|THEORA SHIELDS DARNELL WIDENER|
|Theora was born November 25, 1909, in Solomonville, Arizona, to Frank Ward Shields and Florence Bell Riggs, both Arizona natives. She first lived on the UX ranch, originally the McKinney Ranch, in Cochise County near Bowie. The ranch house was one of the oldest in Arizona. Until her siblings were old enough to play with, Theora had fun playing with her dog around the defensive “shooting” holes built into the house. |
In 1918, her parents bought the Palace Station and moved to the Bradshaw Mountains near Prescott. They acquired several small ranches and combined them into one. Shields cattle ran on the south as far as Wagoner, and all the way to Prescott on the north, until the city put up a drift fence to keep them out of the city watershed. The Shields’ “used to come plumb into Prescott looking for some of ‘em.”
They spent summers at Palace Station and winters in Wagoner. Theora attended grammar school in Bowie, Mayer and Wagoner. She didn’t like school, mostly because she was left-handed, and it scared her when the teacher talked about changing her to be right-handed.
When Theora was tiny, her father tied her on a pack saddle and took her with him. When she was five, he bought her first saddle, and her grandpa gave her a beautiful steel dust horse. She recalled how they would round up their cattle to be shipped and put them in their Ash Creek pasture. The next morning, they would combine their cattle with those of the neighboring Lange family and drive them as far as the Hassayampa River. The third day they went as far as Peeples' Valley and finally into Kirkland where the cattle were loaded into railroad cars and shipped.
Theora was usually in school when fall round-up started, and she only cowboyed on weekends, but she was always on the ranch to work spring round-up. She loved to ride! Of course, on the ranch they had cow dogs and good cutting horses and a burro that lived to be over 40 years old. In the early days Frank Shields carried a six-shooter.
When the Shields’ family came to Prescott from Wagoner, it was a two-day wagon trip pulled by four horses. They stopped in Skull Valley and then came over the mountain through Copper Basin. They stayed at the St. Michael or Head Hotel. Mrs. Shields would shop the next day, and then it was a three-day trip home with a “big load of stuff”—- barley and salt, groceries, clothing and sundries. Most everything was available at Bashford-Burmister’s, the old “B-B’s” on Gurley Street across from the plaza.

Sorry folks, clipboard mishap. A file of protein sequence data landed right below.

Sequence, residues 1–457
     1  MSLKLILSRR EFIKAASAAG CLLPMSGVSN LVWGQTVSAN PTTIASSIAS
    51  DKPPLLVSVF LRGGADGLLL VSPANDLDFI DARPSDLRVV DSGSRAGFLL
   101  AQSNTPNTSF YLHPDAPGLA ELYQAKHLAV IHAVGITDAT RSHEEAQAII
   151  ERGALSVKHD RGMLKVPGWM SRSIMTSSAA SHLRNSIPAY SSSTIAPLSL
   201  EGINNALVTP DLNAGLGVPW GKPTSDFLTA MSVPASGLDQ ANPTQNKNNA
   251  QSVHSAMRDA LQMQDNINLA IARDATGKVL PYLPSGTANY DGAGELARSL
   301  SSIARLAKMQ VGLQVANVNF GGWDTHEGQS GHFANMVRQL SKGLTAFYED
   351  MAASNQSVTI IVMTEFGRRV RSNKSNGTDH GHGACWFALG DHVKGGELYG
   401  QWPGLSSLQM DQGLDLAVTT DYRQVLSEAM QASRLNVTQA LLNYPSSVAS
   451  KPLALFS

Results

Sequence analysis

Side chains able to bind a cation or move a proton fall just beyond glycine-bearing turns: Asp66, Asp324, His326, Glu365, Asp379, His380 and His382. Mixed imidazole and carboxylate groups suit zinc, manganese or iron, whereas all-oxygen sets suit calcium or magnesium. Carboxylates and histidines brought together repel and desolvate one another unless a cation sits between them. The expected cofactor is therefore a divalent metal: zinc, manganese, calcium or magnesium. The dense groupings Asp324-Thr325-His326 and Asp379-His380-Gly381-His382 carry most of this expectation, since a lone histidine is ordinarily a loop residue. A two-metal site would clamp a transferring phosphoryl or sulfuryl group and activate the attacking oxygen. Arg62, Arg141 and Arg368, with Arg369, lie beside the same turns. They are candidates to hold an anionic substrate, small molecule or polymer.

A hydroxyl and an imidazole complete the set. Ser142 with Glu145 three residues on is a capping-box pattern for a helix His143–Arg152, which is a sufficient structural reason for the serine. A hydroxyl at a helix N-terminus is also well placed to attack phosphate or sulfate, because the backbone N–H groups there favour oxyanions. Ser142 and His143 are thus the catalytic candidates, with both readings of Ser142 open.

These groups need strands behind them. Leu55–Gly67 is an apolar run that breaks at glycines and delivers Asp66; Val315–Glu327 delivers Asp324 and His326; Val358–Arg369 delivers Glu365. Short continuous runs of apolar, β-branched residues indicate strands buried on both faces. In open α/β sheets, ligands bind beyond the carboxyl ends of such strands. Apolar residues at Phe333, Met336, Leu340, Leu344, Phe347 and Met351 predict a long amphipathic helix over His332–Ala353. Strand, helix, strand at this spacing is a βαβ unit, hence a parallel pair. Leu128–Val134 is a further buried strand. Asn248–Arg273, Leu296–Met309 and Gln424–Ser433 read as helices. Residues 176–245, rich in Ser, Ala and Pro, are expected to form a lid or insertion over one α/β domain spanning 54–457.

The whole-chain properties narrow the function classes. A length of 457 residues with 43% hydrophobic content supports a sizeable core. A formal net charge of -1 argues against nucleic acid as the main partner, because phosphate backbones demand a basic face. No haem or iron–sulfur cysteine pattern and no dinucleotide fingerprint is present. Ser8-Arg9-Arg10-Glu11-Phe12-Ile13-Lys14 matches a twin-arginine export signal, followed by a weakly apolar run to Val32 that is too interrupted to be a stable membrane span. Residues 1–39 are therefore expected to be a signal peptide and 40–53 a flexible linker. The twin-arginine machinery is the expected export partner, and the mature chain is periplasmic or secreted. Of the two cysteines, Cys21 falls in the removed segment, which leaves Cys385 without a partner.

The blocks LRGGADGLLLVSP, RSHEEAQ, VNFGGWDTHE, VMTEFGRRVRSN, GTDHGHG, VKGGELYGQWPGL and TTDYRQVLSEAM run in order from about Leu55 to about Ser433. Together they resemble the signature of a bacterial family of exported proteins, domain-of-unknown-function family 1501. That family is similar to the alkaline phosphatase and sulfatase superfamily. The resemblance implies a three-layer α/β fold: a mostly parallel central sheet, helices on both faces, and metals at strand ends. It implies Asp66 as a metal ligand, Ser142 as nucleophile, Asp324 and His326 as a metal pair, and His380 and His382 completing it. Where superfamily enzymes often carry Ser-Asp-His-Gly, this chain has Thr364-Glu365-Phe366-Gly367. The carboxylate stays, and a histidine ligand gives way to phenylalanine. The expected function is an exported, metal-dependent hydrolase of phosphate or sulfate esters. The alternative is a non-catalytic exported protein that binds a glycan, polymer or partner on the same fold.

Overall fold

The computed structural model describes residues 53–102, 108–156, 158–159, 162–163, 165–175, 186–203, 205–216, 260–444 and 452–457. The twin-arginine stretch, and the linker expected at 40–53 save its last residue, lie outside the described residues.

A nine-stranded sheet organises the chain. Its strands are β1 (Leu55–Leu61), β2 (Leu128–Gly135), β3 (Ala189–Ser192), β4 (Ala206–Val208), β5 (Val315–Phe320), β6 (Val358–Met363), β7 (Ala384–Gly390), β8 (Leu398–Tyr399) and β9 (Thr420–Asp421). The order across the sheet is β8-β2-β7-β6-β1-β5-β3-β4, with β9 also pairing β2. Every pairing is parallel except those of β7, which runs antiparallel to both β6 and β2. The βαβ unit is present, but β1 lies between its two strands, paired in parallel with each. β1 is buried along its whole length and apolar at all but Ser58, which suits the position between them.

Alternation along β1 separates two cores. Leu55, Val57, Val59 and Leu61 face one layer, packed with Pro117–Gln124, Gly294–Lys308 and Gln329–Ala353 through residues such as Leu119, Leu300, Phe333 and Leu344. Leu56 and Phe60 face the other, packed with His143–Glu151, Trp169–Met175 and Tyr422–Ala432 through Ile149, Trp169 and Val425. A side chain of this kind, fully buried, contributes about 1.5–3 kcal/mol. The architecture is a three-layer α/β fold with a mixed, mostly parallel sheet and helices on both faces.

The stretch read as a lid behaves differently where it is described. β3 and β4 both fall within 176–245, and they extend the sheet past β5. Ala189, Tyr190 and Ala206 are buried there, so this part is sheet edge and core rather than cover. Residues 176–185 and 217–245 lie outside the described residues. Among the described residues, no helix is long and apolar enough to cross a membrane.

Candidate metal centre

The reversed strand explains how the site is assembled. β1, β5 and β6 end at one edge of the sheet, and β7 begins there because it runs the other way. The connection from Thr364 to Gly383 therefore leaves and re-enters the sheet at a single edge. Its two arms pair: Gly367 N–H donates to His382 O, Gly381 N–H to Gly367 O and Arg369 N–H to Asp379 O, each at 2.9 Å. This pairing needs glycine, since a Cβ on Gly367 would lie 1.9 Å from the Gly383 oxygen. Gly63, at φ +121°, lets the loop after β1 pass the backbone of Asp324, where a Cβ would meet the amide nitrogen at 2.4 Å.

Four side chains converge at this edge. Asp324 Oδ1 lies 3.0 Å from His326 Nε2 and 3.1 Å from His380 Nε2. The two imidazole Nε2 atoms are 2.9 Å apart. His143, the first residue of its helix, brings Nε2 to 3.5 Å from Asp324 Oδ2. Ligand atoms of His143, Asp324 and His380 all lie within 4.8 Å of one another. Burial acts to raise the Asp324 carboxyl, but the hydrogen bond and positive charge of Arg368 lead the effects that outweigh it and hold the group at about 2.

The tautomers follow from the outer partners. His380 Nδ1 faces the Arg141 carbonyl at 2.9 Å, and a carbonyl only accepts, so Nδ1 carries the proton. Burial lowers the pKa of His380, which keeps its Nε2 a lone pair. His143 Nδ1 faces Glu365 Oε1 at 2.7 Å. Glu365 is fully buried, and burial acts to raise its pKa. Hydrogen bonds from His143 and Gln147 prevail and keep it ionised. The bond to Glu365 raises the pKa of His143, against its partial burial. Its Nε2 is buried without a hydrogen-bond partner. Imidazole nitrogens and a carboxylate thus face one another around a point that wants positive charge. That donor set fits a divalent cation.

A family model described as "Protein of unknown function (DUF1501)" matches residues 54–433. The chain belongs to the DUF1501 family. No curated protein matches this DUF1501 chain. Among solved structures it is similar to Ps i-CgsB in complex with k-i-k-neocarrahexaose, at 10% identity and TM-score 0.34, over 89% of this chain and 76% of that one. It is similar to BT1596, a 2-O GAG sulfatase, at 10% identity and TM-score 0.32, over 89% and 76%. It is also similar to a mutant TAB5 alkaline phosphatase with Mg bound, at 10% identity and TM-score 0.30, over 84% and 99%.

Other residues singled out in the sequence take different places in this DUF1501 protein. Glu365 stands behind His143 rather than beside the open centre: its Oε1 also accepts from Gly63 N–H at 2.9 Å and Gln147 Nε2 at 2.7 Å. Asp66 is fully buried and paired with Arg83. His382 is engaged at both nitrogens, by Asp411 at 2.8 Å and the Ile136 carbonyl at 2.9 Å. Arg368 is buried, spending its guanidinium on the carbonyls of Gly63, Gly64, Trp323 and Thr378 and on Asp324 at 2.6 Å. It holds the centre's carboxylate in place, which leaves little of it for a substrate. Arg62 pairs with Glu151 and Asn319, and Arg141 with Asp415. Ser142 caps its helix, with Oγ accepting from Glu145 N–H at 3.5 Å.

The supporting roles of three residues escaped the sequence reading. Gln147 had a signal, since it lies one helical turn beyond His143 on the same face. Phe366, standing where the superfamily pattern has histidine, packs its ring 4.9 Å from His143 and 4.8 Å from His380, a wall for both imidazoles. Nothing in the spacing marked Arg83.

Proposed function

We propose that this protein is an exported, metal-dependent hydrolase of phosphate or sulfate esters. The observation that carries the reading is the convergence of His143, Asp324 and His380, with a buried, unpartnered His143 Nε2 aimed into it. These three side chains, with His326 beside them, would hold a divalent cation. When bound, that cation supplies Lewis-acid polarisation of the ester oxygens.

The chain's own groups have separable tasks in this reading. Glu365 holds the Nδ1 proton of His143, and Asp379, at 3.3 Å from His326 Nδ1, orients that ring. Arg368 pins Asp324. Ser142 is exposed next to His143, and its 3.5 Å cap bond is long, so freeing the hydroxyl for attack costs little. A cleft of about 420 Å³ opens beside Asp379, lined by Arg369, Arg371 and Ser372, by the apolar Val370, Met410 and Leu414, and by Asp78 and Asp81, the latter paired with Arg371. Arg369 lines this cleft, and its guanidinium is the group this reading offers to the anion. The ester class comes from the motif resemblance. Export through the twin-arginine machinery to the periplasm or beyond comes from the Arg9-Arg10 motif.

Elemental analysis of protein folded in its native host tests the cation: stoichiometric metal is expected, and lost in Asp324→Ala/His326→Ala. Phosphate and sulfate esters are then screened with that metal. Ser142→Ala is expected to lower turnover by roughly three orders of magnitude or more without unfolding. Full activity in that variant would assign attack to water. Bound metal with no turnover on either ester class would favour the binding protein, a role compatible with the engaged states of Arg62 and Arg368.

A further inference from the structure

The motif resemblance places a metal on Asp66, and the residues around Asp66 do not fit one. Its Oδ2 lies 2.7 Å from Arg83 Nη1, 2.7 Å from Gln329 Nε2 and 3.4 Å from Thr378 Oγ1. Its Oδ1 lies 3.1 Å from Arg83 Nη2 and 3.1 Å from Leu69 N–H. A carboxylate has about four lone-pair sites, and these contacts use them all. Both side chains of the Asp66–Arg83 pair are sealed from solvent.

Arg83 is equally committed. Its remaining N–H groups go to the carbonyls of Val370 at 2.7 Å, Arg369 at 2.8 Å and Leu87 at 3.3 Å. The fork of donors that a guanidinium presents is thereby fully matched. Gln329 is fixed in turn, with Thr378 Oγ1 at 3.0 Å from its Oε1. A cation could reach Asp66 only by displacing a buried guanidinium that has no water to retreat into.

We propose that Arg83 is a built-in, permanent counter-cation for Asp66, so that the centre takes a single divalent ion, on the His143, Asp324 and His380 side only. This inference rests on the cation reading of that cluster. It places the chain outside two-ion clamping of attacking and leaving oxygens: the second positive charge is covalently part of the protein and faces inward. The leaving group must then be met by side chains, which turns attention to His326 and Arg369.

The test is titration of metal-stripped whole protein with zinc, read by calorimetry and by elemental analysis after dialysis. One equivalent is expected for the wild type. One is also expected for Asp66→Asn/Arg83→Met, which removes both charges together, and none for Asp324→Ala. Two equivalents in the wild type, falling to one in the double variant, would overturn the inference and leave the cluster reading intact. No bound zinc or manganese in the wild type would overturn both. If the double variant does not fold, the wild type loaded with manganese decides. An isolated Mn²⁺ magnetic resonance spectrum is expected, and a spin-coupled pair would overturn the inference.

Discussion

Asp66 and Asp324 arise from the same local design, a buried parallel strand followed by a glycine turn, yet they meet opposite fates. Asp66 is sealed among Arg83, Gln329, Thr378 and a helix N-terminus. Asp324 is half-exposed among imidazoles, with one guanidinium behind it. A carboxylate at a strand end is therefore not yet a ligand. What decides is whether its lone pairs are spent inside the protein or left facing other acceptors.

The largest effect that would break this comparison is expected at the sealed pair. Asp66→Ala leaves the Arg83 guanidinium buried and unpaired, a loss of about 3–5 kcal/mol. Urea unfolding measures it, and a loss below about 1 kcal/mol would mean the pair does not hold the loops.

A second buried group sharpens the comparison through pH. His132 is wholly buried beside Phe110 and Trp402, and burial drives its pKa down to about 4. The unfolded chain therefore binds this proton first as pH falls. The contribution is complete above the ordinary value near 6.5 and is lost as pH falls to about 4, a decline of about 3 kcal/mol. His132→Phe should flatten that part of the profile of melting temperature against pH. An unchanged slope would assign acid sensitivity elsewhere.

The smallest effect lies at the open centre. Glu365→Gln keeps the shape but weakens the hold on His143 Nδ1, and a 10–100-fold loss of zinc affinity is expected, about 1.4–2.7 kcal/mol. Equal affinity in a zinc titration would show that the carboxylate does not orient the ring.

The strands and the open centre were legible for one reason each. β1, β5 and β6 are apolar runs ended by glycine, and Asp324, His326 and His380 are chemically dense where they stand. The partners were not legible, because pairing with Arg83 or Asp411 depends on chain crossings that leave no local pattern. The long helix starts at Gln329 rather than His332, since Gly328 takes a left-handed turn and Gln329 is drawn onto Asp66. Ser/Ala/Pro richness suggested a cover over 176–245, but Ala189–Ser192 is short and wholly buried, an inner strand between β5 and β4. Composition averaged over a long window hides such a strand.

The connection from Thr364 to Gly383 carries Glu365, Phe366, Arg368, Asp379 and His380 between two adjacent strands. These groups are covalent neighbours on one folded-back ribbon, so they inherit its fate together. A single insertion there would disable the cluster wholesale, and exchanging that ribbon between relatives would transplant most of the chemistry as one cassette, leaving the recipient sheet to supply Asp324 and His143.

Theora was a bashful country girl. It was therefore a memorable event when her family went to Mrs. Minotto’s birthday party and rodeo in 1924. There was a dance that night in the big house along the river. Since Theora’s birthday was the next day, Mrs. Minotto stopped the festivities at midnight and announced, “Well, now we’re celebrating Theora’s birthday!” Dancing at the schoolhouse was an important part of rural life.
hey sometimes had basket socials to raise money for school projects. The Shields and Lange families each had lots of children, and they often got together for birthday parties. Mrs. Shields and Grandma Lange baked cakes that had “dimes and rings and all kinds of things” in them, and they danced to the phonograph.
On March 28, 1928, Theora married Bill Darnell in Prescott in the lobby of the Head Hotel. They planned to be married at the church, but there was a big snowstorm, and it was easier to get married at the hotel, which was full of her wedding guests from Wagoner and Jerome.
She was widowed after five short years. Then Theora worked at the Sanitary Laundry until December 1955 when she married Don Widener. They had two sons, Don and Leo.
After her second marriage, Theora and Don moved into the Pioneer Apartments on South Montezuma Street. She managed the apartments, and they lived there for 18 years. She spent the last years of her life in her little house at 823 Fifth Street.
Theora passed away on February 21, 2000, and was buried in Genung Memorial Park in Peeples' Valley with other family members.
Theora's mother, Florence Belle Riggs Shield, her maternal grandmother, Elizabeth Margaret Babcock Riggs, and her paternal grandmother,
Eliza Elizabeth Howard Shields, are also commemorated in the Rose Garden.
Nominated by Mona Lange McCroskey
See also: Florence Belle Riggs Shields